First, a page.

The story "V-c casts doubt on humanities funding" (16 April) reports on University of Exeter vice-chancellor Steve Smith's criticism of researchers in the humanities and social sciences for their reluctance to answer the Treasury's favourite question: what is the impact of your research on the economy?
Is this, as the Exeter head seems to imply, another example of academics being churlish and arrogant? Or is it an example of that hard-learnt lesson from childhood - a lesson that social scientists who use the interview technique understand only too well: ask a silly question and you invite a silly answer.
There is nothing silly about the Treasury asking what society gets from spending money on research so long as the Treasury keeps an open mind on the ways in which research can benefit society. But my experience of Treasury-think is that it permits just one view on this matter: research can only create wealth if it benefits the business sector. The fundamental axiom of Treasury economics seems to be that only business can create wealth.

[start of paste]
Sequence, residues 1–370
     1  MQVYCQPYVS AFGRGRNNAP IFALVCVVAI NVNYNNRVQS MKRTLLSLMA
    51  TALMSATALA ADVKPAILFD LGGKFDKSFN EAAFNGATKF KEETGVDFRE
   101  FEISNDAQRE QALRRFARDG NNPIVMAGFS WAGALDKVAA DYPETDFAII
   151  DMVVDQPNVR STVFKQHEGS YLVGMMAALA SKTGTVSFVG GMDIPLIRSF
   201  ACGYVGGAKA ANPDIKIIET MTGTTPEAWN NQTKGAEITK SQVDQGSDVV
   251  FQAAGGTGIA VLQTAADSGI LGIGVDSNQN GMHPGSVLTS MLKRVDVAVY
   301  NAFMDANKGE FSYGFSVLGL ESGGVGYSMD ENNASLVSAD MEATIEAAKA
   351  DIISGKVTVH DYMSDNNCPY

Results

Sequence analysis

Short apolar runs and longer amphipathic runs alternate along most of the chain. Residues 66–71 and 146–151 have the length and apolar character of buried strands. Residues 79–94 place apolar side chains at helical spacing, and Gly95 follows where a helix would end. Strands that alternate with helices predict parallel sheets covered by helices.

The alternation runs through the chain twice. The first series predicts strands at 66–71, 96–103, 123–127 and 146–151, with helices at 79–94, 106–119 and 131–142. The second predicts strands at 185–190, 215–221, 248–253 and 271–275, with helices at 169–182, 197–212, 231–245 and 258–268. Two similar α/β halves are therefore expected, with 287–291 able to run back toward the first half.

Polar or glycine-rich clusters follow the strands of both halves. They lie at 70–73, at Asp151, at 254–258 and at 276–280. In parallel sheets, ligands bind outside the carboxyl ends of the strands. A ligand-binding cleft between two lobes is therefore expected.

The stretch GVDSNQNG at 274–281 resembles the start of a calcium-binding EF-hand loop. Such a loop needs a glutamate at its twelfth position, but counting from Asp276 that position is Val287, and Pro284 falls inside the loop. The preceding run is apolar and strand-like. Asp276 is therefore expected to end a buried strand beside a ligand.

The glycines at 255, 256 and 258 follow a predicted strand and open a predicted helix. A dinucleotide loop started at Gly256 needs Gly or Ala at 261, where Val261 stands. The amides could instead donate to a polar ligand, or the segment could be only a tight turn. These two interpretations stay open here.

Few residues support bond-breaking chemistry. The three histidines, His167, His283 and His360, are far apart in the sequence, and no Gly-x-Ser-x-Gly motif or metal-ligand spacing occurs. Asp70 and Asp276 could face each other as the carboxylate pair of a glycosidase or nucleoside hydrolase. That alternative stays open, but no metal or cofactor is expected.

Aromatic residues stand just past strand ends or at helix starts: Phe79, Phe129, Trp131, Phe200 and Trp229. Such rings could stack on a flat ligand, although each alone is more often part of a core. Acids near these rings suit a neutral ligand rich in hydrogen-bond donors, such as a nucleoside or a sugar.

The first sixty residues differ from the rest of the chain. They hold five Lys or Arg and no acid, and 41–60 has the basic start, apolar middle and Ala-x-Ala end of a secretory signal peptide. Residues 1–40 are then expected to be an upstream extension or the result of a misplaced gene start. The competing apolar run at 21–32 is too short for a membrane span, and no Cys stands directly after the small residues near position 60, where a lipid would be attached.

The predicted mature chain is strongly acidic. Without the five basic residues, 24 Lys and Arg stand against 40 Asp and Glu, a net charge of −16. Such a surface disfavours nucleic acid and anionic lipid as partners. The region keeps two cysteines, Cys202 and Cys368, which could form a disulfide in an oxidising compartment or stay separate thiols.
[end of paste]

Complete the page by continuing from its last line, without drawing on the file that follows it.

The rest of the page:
No one doubts that business creates wealth, but nobody I know (whether in business or academia) thinks that business has a monopoly on that talent. Would we seriously argue that teaching a student to understand music can create wealth only if it makes him or her into a more productive accountant? Would we seriously argue that teaching a student to understand Shakespeare can create wealth only if it makes her into a more successful barrister? Would we seriously argue that teaching students to understand the hazards of unregulated financial innovation can create wealth only if they follow a more successful financial career as a result? Surely not. For understanding on its own terms must be one of the very most precious components of our common wealth.
If Treasury officials want a serious answer to "what does research in the humanities and social sciences do for society?" then they should be prepared to couch it in serious terms and be prepared for answers that challenge their simplistic thinking on the subject.
Gavin Swann, Innovative Economics Limited.